pick out

EnglishEdit

PronunciationEdit

  • (file)

VerbEdit

pick out (third-person singular simple present picks out, present participle picking out, simple past and past participle picked out)

  1. to remove by picking
    • c. 1515–1516, published 1568, John Skelton, Againſt venemous tongues enpoyſoned with ſclaunder and falſe detractions &c.:
      But lering and lurking here and there like ſpies,
      The devil tere their tunges and pike out their ies!
    • 1859, Charles Dickens, A Tale of Two Cities:
      Madame Defarge herself picked out the pattern on her sleeve with her toothpick, and saw and heard something inaudible and invisible a long way off.
  2. to select
    • 2014 November 2, Daniel Taylor, “Sergio Agüero strike wins derby for Manchester City against 10-man United”, in guardian.co.uk[1]:
      Oliver had an erratic and often bewildering afternoon and, just to pick out one incident, the images of Joe Hart putting his forehead uncomfortably close to the official are certainly far from the norm.
    • 2007, Letticia, Body Worship, page 192:
      Very often husbands would patronise my boutique and pick out something for the little lady and, in passing, pick out something for themselves.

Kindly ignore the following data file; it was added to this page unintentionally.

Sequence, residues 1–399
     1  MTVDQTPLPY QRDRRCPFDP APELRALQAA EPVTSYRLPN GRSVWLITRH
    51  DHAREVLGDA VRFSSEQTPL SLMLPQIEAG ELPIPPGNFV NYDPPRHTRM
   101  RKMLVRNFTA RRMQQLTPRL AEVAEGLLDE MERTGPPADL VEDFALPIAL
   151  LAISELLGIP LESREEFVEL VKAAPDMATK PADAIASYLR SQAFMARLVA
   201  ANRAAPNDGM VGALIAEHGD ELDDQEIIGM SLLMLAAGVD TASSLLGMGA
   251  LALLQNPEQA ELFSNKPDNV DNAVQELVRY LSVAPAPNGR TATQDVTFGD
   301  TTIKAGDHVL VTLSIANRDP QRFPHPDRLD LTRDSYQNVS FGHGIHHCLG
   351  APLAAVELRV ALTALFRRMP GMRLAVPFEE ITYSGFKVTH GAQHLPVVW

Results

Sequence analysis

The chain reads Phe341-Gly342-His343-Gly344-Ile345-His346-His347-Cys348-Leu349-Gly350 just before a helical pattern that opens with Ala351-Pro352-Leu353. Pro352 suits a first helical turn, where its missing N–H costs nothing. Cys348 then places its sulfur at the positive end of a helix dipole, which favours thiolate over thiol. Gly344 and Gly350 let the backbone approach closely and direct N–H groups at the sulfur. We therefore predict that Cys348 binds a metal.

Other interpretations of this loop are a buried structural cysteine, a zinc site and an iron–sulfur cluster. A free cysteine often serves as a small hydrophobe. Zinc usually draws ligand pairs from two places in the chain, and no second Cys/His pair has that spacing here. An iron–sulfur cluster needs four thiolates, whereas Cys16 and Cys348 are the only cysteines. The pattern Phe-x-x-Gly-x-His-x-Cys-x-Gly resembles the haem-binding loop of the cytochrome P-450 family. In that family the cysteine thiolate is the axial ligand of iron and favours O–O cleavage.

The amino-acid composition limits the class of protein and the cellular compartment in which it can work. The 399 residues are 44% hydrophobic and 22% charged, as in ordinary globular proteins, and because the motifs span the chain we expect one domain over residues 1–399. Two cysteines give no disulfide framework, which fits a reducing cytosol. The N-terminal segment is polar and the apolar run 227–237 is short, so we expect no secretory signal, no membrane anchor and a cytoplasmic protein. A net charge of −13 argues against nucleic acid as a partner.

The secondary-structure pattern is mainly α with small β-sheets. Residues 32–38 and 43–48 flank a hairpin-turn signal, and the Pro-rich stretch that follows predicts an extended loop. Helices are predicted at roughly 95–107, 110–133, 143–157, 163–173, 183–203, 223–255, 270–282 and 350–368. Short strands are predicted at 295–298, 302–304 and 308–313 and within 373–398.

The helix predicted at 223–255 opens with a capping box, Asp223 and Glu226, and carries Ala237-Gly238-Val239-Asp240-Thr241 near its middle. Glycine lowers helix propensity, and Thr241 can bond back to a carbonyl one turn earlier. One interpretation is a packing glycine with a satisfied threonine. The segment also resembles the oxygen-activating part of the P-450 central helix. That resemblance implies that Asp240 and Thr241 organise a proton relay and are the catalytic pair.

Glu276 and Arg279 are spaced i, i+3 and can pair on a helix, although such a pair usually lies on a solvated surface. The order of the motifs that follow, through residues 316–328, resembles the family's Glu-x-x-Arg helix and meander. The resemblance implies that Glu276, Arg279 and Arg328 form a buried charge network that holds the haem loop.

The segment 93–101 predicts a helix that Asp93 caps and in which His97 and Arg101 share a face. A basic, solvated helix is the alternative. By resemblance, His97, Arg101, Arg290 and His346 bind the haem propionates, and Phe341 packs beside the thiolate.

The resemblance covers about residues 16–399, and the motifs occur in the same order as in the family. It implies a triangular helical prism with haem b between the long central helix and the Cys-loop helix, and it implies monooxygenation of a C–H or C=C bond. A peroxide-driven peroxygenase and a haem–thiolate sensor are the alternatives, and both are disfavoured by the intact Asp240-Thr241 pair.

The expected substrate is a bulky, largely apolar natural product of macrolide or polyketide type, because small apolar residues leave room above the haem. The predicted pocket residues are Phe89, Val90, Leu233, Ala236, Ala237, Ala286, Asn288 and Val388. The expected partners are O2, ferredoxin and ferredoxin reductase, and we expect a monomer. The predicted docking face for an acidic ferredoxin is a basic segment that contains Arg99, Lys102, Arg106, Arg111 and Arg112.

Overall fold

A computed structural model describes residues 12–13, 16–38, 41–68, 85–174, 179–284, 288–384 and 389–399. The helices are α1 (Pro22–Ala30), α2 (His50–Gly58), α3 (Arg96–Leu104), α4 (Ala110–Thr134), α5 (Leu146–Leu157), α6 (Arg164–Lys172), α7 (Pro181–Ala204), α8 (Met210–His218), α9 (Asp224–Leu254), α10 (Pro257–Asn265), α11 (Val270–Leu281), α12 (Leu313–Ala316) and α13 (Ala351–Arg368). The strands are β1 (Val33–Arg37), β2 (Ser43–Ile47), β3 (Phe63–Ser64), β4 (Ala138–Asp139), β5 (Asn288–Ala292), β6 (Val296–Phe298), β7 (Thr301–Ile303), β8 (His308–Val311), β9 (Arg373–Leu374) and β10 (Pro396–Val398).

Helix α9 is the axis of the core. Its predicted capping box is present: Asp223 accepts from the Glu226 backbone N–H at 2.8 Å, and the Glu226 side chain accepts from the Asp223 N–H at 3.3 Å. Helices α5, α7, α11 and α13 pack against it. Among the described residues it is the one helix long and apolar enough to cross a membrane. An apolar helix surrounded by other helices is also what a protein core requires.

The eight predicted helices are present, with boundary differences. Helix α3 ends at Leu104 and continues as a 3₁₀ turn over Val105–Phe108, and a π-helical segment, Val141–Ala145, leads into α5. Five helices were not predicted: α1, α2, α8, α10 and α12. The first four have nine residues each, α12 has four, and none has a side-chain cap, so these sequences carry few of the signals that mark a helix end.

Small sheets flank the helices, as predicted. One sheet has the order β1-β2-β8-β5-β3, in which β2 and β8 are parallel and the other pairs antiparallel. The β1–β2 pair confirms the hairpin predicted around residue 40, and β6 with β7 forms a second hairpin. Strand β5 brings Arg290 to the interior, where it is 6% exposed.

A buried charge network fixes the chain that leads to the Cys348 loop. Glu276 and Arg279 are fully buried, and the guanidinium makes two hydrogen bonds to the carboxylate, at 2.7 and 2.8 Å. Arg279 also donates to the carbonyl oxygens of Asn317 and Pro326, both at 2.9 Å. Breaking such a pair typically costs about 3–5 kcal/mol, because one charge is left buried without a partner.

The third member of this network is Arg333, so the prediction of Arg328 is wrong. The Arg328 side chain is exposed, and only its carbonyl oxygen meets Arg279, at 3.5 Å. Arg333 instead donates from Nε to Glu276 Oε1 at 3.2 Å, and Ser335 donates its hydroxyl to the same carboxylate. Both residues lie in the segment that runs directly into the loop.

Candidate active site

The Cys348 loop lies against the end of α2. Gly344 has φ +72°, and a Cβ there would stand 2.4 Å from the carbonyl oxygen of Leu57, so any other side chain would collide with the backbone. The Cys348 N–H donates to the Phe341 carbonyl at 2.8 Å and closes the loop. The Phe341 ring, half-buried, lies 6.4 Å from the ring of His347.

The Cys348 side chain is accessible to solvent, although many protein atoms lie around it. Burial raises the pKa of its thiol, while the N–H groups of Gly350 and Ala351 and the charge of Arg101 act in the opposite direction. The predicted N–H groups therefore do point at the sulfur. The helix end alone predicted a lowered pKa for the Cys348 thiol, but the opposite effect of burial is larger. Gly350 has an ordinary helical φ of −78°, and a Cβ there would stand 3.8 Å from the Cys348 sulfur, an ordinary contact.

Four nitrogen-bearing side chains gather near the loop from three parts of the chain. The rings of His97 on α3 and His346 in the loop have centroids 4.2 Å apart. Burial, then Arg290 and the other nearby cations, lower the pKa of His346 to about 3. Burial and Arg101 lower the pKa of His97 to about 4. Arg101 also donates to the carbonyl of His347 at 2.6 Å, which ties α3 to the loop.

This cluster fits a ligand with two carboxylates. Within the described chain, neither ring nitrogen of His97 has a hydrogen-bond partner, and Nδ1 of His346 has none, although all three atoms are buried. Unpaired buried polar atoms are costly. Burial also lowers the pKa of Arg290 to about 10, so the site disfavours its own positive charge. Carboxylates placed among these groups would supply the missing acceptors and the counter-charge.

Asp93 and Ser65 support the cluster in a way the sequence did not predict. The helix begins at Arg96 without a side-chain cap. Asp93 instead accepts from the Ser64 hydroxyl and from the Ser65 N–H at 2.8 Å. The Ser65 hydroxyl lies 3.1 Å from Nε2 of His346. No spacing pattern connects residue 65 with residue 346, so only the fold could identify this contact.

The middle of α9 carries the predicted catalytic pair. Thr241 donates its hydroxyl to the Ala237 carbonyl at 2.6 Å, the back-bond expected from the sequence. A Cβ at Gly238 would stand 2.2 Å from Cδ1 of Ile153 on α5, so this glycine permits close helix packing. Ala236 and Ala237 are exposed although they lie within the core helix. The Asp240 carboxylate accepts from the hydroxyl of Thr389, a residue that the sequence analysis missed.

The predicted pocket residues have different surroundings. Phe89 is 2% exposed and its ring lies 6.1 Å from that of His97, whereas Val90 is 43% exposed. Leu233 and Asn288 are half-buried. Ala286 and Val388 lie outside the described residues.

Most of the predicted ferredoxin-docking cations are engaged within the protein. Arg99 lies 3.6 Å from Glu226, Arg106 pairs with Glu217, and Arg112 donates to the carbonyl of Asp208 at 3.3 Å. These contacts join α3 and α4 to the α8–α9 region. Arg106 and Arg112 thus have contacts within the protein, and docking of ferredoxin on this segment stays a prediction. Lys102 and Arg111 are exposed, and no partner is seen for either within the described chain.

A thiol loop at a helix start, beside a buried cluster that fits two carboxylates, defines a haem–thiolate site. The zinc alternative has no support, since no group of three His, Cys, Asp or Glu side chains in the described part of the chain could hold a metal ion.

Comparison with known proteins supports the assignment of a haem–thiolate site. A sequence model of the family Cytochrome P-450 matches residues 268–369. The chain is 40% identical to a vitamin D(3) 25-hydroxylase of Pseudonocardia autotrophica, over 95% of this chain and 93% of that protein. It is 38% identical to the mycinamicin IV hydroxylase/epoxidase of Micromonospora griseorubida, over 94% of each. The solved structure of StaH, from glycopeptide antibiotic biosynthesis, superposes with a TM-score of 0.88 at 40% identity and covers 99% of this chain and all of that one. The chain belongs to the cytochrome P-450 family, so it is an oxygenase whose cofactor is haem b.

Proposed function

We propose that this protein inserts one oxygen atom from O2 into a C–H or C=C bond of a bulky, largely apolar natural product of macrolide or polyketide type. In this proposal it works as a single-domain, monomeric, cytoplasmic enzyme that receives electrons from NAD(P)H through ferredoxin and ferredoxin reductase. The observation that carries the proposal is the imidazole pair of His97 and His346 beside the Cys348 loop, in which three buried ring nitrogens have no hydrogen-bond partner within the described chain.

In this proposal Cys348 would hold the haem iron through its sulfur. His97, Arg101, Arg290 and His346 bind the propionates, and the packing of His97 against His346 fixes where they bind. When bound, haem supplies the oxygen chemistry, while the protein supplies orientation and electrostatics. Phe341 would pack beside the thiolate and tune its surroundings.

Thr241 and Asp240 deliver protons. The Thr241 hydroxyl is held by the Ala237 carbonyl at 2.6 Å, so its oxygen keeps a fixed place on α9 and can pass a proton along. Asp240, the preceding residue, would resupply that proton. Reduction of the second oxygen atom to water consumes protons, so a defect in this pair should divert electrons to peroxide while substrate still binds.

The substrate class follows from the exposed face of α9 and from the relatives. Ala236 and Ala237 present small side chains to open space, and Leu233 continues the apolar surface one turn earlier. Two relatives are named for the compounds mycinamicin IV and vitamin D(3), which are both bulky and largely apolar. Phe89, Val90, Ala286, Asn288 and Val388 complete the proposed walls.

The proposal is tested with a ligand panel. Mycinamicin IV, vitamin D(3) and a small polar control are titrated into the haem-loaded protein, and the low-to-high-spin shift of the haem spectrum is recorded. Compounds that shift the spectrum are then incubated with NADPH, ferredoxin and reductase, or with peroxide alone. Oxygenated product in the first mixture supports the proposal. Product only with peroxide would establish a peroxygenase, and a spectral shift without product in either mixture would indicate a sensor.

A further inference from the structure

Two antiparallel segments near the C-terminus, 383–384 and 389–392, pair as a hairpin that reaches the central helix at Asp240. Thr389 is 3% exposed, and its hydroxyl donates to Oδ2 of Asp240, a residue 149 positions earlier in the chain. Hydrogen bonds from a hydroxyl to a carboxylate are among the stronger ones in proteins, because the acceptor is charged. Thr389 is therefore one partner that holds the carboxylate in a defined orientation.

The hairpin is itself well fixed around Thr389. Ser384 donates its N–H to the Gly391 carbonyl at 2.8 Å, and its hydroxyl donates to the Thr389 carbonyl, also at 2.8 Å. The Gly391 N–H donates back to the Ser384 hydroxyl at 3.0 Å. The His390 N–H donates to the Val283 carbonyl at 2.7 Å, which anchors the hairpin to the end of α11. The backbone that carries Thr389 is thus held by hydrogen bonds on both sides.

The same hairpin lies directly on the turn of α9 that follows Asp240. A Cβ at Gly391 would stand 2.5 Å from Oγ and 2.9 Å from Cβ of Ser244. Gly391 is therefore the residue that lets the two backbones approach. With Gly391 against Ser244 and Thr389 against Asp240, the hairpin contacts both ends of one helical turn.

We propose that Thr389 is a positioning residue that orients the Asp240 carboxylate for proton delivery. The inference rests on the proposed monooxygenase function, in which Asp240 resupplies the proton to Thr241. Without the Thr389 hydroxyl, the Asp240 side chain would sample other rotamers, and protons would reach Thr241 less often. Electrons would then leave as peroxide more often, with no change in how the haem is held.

3. (idiomatic) to distinguish; discern
    • 1988 April 30, “Bonaventure Island a birdwatcher's delight 50,000 gannets jostle and spar for a piece of the island”, in Toronto Star[2]:
      The young birds cry out for food, and the parents returning from the sea manage to pick out their own amid a mass of lookalikes.
  4. To ornament or relieve with lines etc. of a different, usually lighter, colour.
    a dark green carriage body picked out with red
    • 1911, Chesterton, “The Sins of Prince Saradine”, in The Innocence of Father Brown:
      Away on the farthest cape or headland of the long islet, on a strip of turf beyond the last rank of roses, the duellists had already crossed swords. Evening above them was a dome of virgin gold, and, distant as they were, every detail was picked out.
  5. (idiomatic) to detect using one's senses (sight, smell, hearing, touch, taste)
  6. (idiomatic, soccer) to send a long pass or cross to.
    • 2006 December 26, “Bolton Wanderers vs Newcastle United”, in 4TheGame[3]:
      Ameobi skipped away down the left in the 39th minute and tried to pick out Shearer with a cross but his delivery was cut out by goalkeeper Jussi J...

TranslationsEdit